While both North and South have plenty to offer, it’s SoPi that’s become the latest neighborhood to watch. Moving beyond nighttime entertainment, SoPi is packed with plenty of destination restaurants, food shops, cafes and enough to make an itinerary that runs from morning until nighttime.
To get a day’s worth of enjoyment out of one the city’s hippest ‘hood, kick start things with some caffeine at Rocketship. Like many places in Paris, they don’t open until later in the morning, so make your way there leisurely. In keeping with the neighborhood’s NY-inspired nickname, this concept coffeeshop works a Brooklyn vibe and offers chai lattes alongside coffee from Coutume.
After coffee, take time to browse the boutique. Benoit, the owner, prides himself on finding unique treasures and includes a good number of pieces from SoPi-based artisans.
Le Rocketship, 13 bis rue Henri Monnier, Paris, 75009, +33 1 48 78 23 66
September 12, 2013
Cantine Vagabonde (Didier Gauducheau)
It’s no secret that some of the most interesting things in a city happen off the tourist grid. New restaurants, music and, of course, lots of art gets made in places where the rents are cheaper, the residents funkier and the tourists far fewer. Paris is no exception. Such is true of the area in north eastern Paris in and around the 19eme. Thanks to some major cultural attractions and a smattering of fun eateries, it just may be on the brink of its moment.
Cantine Vagabonde (Didier Gauducheau)
Setting off from Metro Stalingrad one recent afternoon, I discovered a quartier in exciting transition. Where its once dilapidated streets were lined with international call centers and cut rate shops, a new energy is palpable in a smattering of neighborhood boutiques, vegetarian eateries and performing arts centers.
Le Louxor (Erin Dahl)
Here are the highlights.
Le Centquatre. In 2008 the Marie de Paris unveiled Le104 (Le Centquatre), a performing and visual arts center that serves as the creative hub of the area. It’s a vast and luminous space that features rotating exhibitions and installations from this summer’s epic Keith Haring retrospective to “interactive” work that quite literally invites audiences to experience art first-hand.
August 22, 2013
Frenchie To Go
It’s 1pm, and your stomach is growling. For many in Paris, that means a stop by the closest boulangerie for a classic sandwich au jambon fromage. But for those of us who want a little more oomph between the slices, two of our favorite resto/bar à vin combos have opened up lunch operations as well.
Frenchie To Go
It’s no secret that we at HiP Paris are big fans of Verjus, Braden Perkins’ and Laura Adrian’s triplex that sits kitty-corner to the Théâtre du Palais-Royal. So it should come as no surprise that when I heard that they would be opening for lunch with a menu of creative sandwiches based on cult classics from the US, I went running.
Verjus Wine Bar
The menu features three sandwiches (as well as an off-menu vegetarian option), all of which are served with a daily choice of classic lunchbox desserts such as snickerdoodles, chocolate chip cookies, or caramel brownies, plus a non-alcoholic drink, for €15. There is also an option to supplement wine or beer for an extra €3, for those of us who moved to France for the option to have wine at lunch.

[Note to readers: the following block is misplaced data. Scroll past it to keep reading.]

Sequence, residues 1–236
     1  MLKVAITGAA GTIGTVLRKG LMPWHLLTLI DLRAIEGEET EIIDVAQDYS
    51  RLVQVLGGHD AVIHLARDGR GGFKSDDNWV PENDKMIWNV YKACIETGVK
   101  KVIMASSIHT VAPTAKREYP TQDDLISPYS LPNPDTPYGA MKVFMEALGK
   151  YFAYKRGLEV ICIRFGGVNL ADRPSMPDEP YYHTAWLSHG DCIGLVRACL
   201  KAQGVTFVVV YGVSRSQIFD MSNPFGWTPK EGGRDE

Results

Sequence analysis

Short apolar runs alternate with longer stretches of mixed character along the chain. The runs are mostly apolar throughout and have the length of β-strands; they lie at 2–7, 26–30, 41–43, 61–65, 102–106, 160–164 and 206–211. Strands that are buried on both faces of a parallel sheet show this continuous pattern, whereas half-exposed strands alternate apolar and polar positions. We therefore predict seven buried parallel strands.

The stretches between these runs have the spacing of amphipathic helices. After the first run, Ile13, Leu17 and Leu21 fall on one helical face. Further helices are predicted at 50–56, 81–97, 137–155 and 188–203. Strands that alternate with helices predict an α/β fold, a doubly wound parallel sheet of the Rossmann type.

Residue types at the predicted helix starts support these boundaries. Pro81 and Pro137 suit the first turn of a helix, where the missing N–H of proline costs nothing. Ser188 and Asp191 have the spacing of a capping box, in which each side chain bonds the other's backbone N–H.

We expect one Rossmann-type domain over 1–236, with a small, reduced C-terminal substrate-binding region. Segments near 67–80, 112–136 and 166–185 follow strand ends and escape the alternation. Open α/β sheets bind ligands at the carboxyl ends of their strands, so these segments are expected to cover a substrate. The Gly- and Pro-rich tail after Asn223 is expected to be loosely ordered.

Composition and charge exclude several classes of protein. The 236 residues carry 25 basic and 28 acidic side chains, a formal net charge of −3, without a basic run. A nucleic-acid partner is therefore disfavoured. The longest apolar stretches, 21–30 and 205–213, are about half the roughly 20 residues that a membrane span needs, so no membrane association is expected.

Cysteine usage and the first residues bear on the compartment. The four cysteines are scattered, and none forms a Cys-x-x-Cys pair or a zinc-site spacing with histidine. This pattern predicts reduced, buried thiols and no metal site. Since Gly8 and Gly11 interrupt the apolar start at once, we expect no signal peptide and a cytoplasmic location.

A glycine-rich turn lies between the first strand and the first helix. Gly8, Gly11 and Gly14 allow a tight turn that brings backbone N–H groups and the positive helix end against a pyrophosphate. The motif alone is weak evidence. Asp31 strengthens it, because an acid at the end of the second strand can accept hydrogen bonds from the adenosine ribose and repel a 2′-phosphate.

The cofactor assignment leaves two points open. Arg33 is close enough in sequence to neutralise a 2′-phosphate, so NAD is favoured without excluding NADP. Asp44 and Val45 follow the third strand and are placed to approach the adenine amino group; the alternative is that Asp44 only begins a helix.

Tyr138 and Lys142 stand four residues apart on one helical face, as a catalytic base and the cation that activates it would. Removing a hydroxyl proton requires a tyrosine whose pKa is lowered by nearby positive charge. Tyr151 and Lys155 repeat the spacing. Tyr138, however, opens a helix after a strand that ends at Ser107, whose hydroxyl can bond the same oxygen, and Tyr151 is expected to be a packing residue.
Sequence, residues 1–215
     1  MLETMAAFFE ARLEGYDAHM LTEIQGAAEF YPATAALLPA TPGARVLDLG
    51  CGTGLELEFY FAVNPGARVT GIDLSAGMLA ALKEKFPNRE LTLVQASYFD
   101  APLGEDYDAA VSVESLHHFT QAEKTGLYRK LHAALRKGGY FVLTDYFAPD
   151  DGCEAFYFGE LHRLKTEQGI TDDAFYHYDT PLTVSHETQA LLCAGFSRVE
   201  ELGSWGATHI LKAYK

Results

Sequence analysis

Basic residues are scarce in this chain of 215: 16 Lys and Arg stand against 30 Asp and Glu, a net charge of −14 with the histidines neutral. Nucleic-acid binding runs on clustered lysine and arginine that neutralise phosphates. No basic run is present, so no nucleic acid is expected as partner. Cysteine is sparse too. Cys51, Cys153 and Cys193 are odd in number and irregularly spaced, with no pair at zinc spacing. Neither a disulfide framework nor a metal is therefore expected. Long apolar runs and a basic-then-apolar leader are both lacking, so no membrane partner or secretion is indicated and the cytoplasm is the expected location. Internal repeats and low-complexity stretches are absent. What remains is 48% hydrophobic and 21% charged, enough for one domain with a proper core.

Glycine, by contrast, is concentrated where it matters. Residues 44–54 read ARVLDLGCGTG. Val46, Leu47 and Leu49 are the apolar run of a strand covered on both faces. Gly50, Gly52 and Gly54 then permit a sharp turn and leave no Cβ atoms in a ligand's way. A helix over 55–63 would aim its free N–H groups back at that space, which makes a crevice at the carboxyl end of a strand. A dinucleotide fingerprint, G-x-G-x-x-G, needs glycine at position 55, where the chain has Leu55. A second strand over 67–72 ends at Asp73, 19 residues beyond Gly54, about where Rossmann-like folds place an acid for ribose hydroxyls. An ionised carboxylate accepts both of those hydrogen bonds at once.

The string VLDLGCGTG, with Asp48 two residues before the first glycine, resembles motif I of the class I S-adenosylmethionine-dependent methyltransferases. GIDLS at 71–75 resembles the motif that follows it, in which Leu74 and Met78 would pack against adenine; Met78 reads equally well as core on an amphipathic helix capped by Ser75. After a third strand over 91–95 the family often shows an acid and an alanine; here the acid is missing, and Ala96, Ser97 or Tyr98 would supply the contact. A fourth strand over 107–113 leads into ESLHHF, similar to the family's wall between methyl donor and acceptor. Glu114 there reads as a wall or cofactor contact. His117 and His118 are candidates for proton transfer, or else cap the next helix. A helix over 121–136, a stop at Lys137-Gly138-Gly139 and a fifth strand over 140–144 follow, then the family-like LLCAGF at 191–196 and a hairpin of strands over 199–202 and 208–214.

July 30, 2013
Beef bourguignon. Escargot. Bordeaux. Burgundy. France’s gastronomic culture stems from strong tradition. The French meal has even earned a place on UNESCO’s cultural heritage list. And while there’s nothing like a great classic, sometimes you just want to shake things up.
Le Mary Céleste (Diane Yoon)
Fortunately, a formidable group of young food and drink folks have picked up on international culinary trends to create some new and vibrant options for Paris’ drinks and dining scene. The summer’s buzziest trend? Fresh fish with a South-American twist.
Just in time for Paris’ warmer summer months, these new hotspots are offering weather-appropriate fare like ceviche and lighter cocktails to go with the hot sunny days. Move over, tired old moules frites! There’s a new style of seafood in town and it’s being paired with some mighty fine drinks.
July 9, 2013
“My food is 100% driven on being delicious.” That’s Chef Haan Palcu-Chang’s philosophy on cooking, and it’s clear from tasting the menu at Le Mary Celeste that this drive is bringing fresh new flavors to Paris that are hitting the spot for those who are looking for something a little different.
Le Mary Celeste, the nautically-themed bar and restaurant brought to you by the same folks as local taco-and-speakeasy favorite Candelaria and Pigalle gem Glass, sports a solid cocktail and beer menu, as one would expect.
What’s unexpected is the ever-changing menu of small plates coming from the kitchen, all of which have a slight Asian influence, often mixing in with what might be considered very traditional European dishes, such as a tartare de veau that’s dressed in a chili-mayonnaise and scattered with sesame seeds and scallions.